Short history lesson of Lisboa
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I had the opportunity to visited Lisboa to participate at the European Society of Intensive Care Medicine. I travelled to Lisboa some days before the congress started to bee a tourist in the city, and what a beautiful city.
I had the opportunity to visited Lisboa to participate at the European Society of Intensive Care Medicine.
Just a short distance before it reaches the sea, before it reaches the sea, before its water are lost forever in the immense, silent depts. of the Atlantic Ocean, the banks of the River Tangus widen to form an estuary bathed in the sun’s golden light. Beautiful
Its peculiar geographic settings not only helps to shape the personality of the Portuguese capital , but, to the good fortune of locals and visitors alike, has also led to the creation of many excellent viewpoints and establishment of a variety of transport systems, each more charming and picturesque than Lisbon’s trams, lifts and funiculars, beside cutting travelling time and comfortably negotiating the inevitable steep climbs between the different neighbouring in the city, have also became one of the most well loved and delightful images of Lisboa.
The explanation behind the city’s rational, orderly street layout lies in the earthquake that devastated the city in 1755 and subsequent reconstruction work launched by the Secretary of State, Joao I, Marquis of Pombal. There were times of the Enlightenment in
Lisboa is a warm friendly city, full of life and passion, where groups still come together spontaneously to enjoy a conversation or to trill to the melancholic notes and words of a fadosong.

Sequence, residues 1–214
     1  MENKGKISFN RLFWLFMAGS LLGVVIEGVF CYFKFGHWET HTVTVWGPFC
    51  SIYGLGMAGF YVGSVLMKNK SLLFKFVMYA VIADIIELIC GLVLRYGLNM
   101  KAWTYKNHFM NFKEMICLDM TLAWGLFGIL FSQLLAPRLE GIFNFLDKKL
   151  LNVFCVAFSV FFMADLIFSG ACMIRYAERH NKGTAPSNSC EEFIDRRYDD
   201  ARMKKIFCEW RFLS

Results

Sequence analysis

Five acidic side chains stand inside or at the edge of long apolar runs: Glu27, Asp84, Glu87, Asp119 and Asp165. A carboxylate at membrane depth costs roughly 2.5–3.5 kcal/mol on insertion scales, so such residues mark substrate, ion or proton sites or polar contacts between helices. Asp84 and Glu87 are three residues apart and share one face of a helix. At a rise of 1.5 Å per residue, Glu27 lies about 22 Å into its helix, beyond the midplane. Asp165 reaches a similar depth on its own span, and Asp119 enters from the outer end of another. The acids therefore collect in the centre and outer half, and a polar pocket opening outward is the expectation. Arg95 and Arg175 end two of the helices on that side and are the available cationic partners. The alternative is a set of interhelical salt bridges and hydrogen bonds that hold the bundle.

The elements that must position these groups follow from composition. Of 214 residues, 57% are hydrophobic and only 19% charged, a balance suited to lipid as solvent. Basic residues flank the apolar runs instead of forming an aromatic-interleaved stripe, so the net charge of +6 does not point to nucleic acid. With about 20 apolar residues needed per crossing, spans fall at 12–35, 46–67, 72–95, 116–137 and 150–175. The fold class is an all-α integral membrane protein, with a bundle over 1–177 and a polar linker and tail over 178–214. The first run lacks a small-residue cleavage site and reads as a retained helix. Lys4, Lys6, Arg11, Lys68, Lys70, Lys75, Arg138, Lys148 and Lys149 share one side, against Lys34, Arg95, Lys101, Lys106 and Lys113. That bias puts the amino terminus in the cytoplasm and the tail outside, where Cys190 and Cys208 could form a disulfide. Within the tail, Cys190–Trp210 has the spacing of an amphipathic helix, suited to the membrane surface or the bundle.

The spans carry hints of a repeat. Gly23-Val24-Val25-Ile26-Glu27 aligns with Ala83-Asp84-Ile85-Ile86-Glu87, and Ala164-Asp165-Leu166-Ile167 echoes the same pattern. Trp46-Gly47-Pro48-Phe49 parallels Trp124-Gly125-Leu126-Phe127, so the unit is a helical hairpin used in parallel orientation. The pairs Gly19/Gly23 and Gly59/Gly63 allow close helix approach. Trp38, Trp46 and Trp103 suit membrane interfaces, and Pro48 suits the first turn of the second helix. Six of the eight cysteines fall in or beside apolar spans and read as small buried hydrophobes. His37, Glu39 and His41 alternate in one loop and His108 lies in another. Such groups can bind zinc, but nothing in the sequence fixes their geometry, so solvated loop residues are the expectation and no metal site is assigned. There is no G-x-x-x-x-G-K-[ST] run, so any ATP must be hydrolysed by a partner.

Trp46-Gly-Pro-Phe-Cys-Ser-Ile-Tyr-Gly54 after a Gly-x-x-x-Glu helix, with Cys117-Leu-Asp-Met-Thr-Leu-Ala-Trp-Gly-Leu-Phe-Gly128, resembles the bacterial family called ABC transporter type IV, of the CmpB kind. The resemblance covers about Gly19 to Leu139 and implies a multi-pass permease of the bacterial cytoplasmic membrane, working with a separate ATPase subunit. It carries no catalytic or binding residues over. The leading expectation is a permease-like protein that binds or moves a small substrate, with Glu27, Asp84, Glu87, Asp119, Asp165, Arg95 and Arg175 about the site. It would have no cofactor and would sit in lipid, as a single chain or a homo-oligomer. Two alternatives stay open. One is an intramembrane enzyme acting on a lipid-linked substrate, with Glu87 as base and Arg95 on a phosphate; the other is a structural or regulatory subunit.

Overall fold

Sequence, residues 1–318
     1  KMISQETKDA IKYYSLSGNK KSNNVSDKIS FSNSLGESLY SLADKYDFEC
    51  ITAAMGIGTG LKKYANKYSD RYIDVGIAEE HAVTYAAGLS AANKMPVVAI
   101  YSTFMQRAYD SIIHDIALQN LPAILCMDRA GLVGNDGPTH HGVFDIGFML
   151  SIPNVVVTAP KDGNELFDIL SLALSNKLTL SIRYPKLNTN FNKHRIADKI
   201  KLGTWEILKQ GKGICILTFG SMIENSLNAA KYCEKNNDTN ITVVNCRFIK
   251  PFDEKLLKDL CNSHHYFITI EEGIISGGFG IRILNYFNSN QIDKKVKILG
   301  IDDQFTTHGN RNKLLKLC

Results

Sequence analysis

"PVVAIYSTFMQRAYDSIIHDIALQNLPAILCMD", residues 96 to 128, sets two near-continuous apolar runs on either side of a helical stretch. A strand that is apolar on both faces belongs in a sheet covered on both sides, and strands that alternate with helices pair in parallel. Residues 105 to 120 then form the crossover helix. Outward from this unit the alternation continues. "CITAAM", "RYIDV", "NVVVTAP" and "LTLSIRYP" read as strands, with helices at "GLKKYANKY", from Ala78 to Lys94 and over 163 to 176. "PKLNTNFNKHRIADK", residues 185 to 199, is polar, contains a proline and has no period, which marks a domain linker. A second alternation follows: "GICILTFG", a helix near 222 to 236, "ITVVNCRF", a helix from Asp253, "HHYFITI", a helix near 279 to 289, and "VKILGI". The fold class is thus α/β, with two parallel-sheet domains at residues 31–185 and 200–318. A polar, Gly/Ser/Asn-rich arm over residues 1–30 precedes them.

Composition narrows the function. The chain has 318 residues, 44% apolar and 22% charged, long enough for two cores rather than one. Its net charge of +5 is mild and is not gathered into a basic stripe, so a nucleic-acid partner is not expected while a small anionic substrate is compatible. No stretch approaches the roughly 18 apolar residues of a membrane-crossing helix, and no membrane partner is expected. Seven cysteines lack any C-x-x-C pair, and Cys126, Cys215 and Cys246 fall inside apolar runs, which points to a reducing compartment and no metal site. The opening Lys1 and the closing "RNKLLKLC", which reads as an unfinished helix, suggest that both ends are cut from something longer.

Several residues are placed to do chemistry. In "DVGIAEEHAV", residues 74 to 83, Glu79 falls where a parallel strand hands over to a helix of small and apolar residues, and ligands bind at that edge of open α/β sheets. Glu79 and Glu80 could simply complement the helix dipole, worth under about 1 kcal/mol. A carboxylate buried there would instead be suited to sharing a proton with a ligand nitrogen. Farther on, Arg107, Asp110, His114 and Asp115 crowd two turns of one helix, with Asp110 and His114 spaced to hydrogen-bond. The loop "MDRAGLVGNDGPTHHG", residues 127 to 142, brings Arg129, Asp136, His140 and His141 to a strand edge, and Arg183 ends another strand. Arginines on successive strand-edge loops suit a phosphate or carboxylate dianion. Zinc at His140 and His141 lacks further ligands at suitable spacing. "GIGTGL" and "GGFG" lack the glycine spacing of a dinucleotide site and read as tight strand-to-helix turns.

Lisboa have about 560 000 citizens who enjoys a mild climate in both summer and winter. The city was founded in the year 800 BC, when the Phoenicians established a settlement that they called Alis Ubbo.
Proclaimed as the capital in 1255, Lisboa was hit by it`s major earthquake in 1356, though this was only a prelude to the tremor that in 1755 killed 60 000 people and reduced the city centre to rubble.
However, before this terrible disaster struck, Lisboa had enjoyed an extraordinary period of growth and development spanning the 15th and 16th centuries, the time of the great
Having formed part of
earthquake of 1755 caucus a sudden change in Lisboans destiny, and the city had first to bury 60 000 victims of the disaster and next to undertake the arduous task of reconstructions.
The population explosion that began in the mid-19th century was accompanied by the
opening of railway lines and an establishment of a public lighting system.
Lisboa was proclaimed European Capital of Culture in 1994.
As the Portuguese capital enters the 21st century, the spirit of renewable continues to preside over urban planning action past and present.